How does the "blockchain" work at a community level? By becoming a game

We have been interested at A/UK in the new wave of software known as "blockchain". Here's the latest handy definition: 

Currently, most people use a trusted middleman such as a bank to make a transaction. But blockchain allows consumers and suppliers to connect directly, removing the need for a third party.

Using cryptography to keep exchanges secure, blockchain provides a decentralized database, or “digital ledger”, of transactions that everyone on the network can see. This network is essentially a chain of computers that must all approve an exchange before it can be verified and recorded.

We're interested in the "decentralized" aspect of this - the way that it presumes a degree of community management for this whole system of exchange. We're not trusting a central institution (like a major bank) - the software allows us to trust each other. In that sense, it feels like a kindred phenomenon to recent attempts to establish "commons" (see our posts on this).

Yet blockchain potentially has the whole planet as its shared space. How could it really link into to the kind of super-powered localities that we're interested in at A/UK?

So we were delighted to come upon the work of Andrea Morales Coto (HT Dil Green). Here's their opening blurb:

I design systems by playing with and in them. I approach complex situations as clusters of relationships that can be shifted collectively and creatively to expand the limits of what is possible in the world.

Through communal, actionable play, my aspiration is to design and build equitable futures for our planet.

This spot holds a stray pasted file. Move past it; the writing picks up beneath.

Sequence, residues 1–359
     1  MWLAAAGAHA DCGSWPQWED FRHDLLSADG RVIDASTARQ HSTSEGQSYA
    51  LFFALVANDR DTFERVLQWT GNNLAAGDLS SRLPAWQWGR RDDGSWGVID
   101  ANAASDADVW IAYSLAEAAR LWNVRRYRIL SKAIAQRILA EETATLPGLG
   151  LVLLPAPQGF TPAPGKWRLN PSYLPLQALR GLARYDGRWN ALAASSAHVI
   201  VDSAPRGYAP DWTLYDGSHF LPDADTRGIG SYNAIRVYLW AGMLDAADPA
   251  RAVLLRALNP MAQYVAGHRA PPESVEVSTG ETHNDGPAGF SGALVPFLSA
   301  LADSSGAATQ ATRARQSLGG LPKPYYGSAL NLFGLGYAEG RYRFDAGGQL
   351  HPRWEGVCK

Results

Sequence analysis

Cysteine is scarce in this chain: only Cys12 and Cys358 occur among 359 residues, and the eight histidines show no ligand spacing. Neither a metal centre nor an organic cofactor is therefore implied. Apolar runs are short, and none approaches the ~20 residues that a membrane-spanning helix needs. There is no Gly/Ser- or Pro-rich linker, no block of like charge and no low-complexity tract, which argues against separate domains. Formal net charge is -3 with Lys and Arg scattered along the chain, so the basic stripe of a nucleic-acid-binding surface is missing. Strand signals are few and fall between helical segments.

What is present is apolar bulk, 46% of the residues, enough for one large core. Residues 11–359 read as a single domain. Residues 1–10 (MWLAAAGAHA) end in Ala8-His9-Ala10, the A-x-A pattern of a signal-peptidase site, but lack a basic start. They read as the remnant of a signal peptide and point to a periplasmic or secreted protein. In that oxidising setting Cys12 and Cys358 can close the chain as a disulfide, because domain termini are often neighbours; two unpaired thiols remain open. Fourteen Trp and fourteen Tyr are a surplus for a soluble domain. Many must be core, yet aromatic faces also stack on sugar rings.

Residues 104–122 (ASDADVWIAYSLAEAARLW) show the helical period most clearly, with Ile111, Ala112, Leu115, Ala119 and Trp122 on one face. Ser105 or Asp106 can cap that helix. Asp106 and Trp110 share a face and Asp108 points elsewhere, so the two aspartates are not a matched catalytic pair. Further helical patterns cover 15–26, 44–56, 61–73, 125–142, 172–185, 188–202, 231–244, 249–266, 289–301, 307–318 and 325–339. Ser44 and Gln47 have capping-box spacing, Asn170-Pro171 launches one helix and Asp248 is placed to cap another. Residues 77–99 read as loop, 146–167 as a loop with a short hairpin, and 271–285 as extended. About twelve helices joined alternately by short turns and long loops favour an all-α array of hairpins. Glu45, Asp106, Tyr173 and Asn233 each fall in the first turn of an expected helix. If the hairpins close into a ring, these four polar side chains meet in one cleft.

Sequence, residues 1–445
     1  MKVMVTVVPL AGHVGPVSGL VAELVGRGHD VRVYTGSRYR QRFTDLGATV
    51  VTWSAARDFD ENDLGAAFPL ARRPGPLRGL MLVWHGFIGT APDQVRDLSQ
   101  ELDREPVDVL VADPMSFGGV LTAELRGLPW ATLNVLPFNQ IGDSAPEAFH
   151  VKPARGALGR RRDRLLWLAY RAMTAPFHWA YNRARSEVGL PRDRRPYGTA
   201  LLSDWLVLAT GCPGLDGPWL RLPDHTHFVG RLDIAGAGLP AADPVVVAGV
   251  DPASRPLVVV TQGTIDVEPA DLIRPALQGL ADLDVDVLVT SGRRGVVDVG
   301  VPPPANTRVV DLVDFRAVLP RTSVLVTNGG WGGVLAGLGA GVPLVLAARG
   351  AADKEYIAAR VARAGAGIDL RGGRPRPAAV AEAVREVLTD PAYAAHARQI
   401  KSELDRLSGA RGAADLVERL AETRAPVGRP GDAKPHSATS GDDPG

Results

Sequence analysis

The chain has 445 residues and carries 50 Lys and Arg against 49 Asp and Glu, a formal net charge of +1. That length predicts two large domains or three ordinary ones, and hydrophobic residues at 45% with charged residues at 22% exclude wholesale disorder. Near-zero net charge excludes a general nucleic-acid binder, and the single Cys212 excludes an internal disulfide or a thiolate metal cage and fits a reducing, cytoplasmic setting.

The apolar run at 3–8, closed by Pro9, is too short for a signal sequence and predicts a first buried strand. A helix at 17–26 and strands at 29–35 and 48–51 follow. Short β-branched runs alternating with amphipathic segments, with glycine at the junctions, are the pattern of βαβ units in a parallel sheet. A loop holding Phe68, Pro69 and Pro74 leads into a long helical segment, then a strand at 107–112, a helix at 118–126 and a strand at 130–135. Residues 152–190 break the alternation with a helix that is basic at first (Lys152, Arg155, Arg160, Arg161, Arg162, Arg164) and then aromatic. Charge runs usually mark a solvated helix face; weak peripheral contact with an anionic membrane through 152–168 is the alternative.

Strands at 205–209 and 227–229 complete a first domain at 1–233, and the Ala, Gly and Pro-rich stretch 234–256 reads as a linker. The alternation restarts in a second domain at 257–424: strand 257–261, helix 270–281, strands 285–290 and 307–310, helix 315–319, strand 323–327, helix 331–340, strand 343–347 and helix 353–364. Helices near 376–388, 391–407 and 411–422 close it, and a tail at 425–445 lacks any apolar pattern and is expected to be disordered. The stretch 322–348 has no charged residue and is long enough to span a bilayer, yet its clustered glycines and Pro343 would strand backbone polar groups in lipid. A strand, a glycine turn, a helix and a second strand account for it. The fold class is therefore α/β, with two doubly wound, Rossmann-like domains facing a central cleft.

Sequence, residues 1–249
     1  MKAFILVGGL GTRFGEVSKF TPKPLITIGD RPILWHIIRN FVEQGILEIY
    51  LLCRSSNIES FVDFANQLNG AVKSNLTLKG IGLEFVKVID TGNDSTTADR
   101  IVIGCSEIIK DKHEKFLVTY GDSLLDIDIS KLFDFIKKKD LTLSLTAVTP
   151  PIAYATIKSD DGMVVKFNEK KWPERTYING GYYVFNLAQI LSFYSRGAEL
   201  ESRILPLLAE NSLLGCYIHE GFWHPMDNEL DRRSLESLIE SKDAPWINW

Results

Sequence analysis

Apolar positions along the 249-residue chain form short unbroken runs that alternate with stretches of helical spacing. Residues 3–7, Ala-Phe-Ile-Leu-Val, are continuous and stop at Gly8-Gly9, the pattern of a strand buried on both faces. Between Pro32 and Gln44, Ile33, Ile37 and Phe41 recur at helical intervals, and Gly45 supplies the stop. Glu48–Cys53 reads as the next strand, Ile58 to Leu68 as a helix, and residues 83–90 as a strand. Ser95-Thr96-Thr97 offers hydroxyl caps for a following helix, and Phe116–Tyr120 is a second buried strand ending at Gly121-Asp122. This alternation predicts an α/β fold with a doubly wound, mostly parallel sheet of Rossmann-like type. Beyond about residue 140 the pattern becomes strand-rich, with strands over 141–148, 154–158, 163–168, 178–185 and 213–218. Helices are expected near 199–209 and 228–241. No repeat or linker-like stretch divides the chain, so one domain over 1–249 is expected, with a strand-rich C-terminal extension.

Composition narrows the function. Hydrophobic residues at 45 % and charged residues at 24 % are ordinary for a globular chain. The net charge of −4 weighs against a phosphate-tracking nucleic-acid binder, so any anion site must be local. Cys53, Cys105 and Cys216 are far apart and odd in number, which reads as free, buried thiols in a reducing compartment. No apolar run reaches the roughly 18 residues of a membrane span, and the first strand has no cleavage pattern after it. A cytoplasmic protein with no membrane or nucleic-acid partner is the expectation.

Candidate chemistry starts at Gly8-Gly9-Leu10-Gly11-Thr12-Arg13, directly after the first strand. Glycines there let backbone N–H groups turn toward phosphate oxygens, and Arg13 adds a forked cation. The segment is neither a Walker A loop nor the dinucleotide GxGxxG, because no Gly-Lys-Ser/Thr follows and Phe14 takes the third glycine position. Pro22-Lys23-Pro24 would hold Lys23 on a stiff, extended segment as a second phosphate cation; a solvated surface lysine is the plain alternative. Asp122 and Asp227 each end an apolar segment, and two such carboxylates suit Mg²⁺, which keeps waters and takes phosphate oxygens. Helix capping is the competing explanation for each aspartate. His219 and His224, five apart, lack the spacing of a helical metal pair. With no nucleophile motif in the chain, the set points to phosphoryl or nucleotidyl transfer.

Andrea's project, "I Owe Us" (a riff on I-O-U), worked with an already existing local currency called BerkShares (set up in the Berkshires region of Massachusetts). The intent was to combine an interest in designing games, with the new possibilities of blockchain. As Andrea explains below: 

Historically, economics and finance have been deeply intertwined with games; even game theory, one of the cornerstones of modern day economic thinking, was inspired by a fascination with the underlying principles of poker. And, as Jaron Lanier stated in his latest book, “Economics must become more and more about the design of the machines that mediate human social behavior.”

It is therefore only natural that my interest in games led to an interest in economics, and, by default, in the design of the machines that mediate economics.

But open a closer look of all the possible spaces to intervene in finance and play, I became most interested in that of money. Specifically, I became interested in the realm of cryptocurrencies, a "Wild West" of Silicon Valley where the "new Internet" is being crafted by Bitcoin mining programmers.

The hype around cryptocurrencies is deserved: behind them is an escapist dream of computer-lead decentralized meritocratical monetary utopia.

And yes, if you think that's too many adjectives to describe utopia, it is because, upon further research, it is a fairly specific, targeted one; one that benefits certain populations over others.

My question then became: could I empower, instead, small communities to take cryptocurrencies and mold them to their needs? Could monetary technology as it is growing today become a space for localized empowerment and the definition of value in the terms of non-programmers?...

...After many rounds of playtesting and prototyping, I arrived at a product ecosystem consisting of 3 elements: tokens (the equivalent of credit cards, but customizable), beacons (like cash registers, but inserting tactility to the monetary network, and community sessions (play sessions to manipulate the rules of a local economy as a community). 

This constellation of products turned out to be the best way to maintain a local cryptocurrency active while at the same time making it understandable and malleable for the community as a whole.

Think of it as if I designed a big, real-life board game of finance, where people in a community small enough can start taking the reins of their economy and stewarding it through play.

More here.